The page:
I used to like this doctrine of reincarnation until I studied the history of India and its caste system, the part of forming of which was that teaching. So don't think I am rationalising my belief.
Will they know all what said and meant man Siddhartha Gautama?
How will they know they are in that state, in which he was?
Those sutras were written surely not by Siddhartha himself, nor by other "buddhas" and "arhats" and they reflect the view of their authors and not of the Buddha, who had never written anything. That is why they include miracles which are aimed at establishing new belief.
Name one! You will find there are no accounts of miracles in the Pali cannon nor in the Mahayana sutras. Challenge you to prove me wrong.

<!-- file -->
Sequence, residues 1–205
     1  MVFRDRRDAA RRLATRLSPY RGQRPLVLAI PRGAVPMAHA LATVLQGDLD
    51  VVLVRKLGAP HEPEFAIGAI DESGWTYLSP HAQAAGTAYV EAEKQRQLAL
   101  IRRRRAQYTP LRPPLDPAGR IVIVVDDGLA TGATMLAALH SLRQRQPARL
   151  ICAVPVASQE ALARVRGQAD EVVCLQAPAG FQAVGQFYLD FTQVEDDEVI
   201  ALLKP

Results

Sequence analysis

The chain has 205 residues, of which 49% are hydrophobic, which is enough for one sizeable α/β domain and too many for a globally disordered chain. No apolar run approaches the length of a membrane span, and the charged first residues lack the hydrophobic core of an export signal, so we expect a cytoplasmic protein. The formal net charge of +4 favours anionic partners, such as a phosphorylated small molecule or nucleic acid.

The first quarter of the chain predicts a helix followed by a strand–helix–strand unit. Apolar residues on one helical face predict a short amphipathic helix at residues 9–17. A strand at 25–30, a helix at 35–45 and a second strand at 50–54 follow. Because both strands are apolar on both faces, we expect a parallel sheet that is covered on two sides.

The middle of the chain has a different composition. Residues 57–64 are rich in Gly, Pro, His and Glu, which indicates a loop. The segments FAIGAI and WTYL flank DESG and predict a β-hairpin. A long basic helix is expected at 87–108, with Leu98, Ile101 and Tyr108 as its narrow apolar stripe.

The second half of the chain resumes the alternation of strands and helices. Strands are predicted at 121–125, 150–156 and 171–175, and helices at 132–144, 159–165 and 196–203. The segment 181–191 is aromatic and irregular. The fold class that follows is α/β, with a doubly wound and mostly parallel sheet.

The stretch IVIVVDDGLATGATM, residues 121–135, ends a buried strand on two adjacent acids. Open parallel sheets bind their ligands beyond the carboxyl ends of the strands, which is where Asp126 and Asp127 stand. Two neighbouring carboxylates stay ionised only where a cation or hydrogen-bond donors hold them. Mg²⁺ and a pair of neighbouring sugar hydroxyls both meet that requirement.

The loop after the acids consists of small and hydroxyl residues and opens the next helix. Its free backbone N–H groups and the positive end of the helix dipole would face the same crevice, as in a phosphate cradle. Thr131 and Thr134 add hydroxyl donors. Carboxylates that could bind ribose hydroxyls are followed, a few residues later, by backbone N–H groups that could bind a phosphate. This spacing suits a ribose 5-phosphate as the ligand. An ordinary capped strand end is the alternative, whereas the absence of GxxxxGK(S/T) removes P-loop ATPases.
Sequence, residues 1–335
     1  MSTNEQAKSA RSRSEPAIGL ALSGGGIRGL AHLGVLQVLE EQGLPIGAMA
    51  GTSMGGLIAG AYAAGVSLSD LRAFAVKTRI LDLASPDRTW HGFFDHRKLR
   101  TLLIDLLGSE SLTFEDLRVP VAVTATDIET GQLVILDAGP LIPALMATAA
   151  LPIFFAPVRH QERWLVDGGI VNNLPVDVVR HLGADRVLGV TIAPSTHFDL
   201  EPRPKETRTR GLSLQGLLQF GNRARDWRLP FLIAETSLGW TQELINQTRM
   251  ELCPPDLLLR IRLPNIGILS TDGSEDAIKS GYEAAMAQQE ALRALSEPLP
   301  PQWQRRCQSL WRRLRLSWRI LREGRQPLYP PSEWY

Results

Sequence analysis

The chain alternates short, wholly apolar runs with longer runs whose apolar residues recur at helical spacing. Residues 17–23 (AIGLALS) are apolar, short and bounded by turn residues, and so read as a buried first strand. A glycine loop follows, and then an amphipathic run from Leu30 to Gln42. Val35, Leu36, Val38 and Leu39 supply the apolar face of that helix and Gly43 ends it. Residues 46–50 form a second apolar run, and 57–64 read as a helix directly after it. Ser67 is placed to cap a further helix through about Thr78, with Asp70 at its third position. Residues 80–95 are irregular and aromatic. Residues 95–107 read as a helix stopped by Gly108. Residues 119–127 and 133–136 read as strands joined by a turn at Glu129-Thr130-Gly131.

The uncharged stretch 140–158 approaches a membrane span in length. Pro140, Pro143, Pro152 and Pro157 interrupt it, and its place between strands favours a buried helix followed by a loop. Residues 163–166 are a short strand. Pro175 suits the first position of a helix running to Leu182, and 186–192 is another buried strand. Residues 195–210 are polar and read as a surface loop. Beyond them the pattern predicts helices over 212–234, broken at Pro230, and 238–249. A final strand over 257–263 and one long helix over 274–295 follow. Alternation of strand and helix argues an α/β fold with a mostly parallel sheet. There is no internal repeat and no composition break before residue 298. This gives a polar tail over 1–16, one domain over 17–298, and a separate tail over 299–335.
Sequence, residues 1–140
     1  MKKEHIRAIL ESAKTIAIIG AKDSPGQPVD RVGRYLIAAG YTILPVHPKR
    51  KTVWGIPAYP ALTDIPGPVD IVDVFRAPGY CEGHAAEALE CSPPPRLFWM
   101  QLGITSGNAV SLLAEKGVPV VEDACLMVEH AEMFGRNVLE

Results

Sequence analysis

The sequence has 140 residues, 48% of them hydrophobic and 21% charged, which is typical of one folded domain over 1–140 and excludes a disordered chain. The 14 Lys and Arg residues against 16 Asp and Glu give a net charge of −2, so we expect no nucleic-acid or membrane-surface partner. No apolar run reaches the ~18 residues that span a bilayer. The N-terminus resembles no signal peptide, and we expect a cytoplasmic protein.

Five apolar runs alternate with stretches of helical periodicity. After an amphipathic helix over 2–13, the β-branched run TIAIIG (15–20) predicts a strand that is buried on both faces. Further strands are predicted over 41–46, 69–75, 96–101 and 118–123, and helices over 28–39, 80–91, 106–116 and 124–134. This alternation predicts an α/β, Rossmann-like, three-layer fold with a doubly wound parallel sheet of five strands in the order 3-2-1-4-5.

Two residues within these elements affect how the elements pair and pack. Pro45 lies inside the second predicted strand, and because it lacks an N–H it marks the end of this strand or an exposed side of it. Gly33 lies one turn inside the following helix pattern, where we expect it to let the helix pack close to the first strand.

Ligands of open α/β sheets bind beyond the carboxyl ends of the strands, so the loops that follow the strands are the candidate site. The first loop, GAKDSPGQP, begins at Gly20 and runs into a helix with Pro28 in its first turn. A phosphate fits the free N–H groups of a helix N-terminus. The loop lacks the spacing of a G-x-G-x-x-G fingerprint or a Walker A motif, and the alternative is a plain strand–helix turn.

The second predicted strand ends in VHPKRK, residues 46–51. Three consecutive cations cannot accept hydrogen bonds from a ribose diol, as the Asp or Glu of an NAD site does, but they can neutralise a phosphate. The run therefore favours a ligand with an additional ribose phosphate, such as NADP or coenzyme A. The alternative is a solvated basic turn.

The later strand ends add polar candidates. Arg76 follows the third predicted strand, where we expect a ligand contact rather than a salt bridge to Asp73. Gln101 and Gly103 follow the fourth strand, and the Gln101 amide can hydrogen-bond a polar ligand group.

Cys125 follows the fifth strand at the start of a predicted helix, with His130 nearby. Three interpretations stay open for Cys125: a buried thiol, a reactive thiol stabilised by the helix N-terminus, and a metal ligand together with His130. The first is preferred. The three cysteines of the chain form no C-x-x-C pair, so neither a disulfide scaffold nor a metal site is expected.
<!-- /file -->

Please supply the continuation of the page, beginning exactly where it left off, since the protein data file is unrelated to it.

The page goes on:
Happiness would be closed to nobody. Full stop.
The Buddha didn't like the caste system much either. Not sure what bearing it has on reincarnation though.
Who cares who wrote them? I don't. What matters is whether they are true or false, bring us insight etc.
That's the purpose of the practice, to find out what he meant. The idea is to become a Buddha.
One cannot be fully enlightened and not know it. Although, perhaps in a certain sense one can. This is outside my competence.
Most people know that Buddha means 'Awake One' or 'Enlightened One'. It is an honorific, and not too difficult to understand the gist of the intended meaning.